the Long Room, Journal of the Lord’s Taverners
July 2001
Barrie Gill
courtesy and copyright of the Lord’s Taverners

Walter Hayes CBE

There can have been few occasions when the great and the good have found themselves gathered in a church listening to motor racing legend Stirling Moss reading a cricketing text by none other than John Arlott (see Life & Times – Walter Hayes Memorial service audio).

But then the friends, family and admirers in St. James’s Church were celebrating the life of a unique, incredibly gifted man – Taverner no. 945, Walter Hayes CBE. The congregation – lords, world champions, leaders of industry, rally drivers, professors and Fleet Street’s finest – themselves illustrated the magnitude and diversity of Walter’s achievements.

His first calling (in the 1950s) was as a journalist – and his love of writing was a constant stimulus in his life. He was a master of words and certainly appreciated their power.

As an associate editor of the Daily Sketch, he strategically re-wrote the horoscope of Elizabeth, the lady who was to become his wife, to assist the wooing process!

As editor of the Sunday Dispatch, he recruited a young Terence Conran to comment on style and chose an up-and-coming engineer, Colin Chapman, to be his motoring correspondent. Little did he know that a future partnership with the Lotus boss would help to change the face of British motor sport.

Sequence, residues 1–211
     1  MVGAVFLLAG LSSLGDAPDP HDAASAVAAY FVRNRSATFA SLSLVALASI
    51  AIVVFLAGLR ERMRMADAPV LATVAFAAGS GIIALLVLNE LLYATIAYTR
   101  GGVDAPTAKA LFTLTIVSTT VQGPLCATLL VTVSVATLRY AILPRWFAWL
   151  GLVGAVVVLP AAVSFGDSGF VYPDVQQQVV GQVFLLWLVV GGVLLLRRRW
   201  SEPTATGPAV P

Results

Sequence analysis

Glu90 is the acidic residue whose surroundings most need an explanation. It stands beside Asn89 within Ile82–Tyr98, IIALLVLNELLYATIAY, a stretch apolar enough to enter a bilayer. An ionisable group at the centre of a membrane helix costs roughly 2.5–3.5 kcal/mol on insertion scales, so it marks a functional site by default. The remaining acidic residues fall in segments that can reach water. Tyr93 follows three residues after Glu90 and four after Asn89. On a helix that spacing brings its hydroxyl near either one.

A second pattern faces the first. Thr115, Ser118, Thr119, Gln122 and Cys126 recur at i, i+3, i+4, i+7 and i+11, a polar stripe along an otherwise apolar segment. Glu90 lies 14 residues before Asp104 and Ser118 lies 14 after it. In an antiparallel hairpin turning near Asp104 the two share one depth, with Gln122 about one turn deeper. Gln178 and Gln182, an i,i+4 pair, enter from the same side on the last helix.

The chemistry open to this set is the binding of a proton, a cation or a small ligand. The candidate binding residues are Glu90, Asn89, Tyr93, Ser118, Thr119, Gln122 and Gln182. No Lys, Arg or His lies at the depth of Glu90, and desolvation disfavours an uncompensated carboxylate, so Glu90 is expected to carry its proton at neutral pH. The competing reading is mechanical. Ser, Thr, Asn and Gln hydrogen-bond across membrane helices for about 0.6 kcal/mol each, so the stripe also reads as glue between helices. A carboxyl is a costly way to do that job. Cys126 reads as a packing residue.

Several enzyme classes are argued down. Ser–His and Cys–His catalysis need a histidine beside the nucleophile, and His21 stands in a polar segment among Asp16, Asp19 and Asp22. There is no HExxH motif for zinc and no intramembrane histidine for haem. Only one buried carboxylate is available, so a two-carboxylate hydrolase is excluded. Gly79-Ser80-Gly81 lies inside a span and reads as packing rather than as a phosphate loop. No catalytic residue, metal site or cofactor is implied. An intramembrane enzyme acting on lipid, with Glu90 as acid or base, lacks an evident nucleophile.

In 1962, he was headhunted to become director of public affairs for Ford of Britain. His task: to change public perception of the company and its product.

Brilliantly, he chose motor sport as his platform. The Cortina and Escort spearheaded Ford’s challenge on race circuits and rally tracks.

But it was his decision – after a meeting with Colin Chapman – to persuade Ford to invest £100,000 on a new Ford Cosworth Grand Prix engine that was to place Britain at the forefront of Formula One; 150 wins made it the most successful engine in Grand Prix history and Graham Hill, Jim Clark, James Hunt and Jackie Stewart all won their World Championship titles “powered by Ford”.

The Escort was dominating the rally world, Formula Ford racing was the breeding ground for future champions and the Ford GT40 won Le Mans.

It was no surprise when Henry Ford II persuaded Walter to move to Detroit. He retired at 65 but was called back to become Chairman of Aston Martin where he helped the DB7 to become the best selling car in the company’s history.

Somehow, in the midst of this hectic career, he found time to write a children’s novel (unsurprisingly about a PR campaign to change the images of witches!), some wonderful children’s poetry and a seminal history book on the survivors of the mutiny on the Bounty.

He was a free spirit in the world which was becoming more and more institutionalised. And he loved cricket! Which is why Stirling Moss found himself paying such an unusual tribute to a unique, much loved character.

Walter is survived by his wife Elizabeth, sons Richard and Jeremy and daughter Harriet to who we extend our deepest sympathy.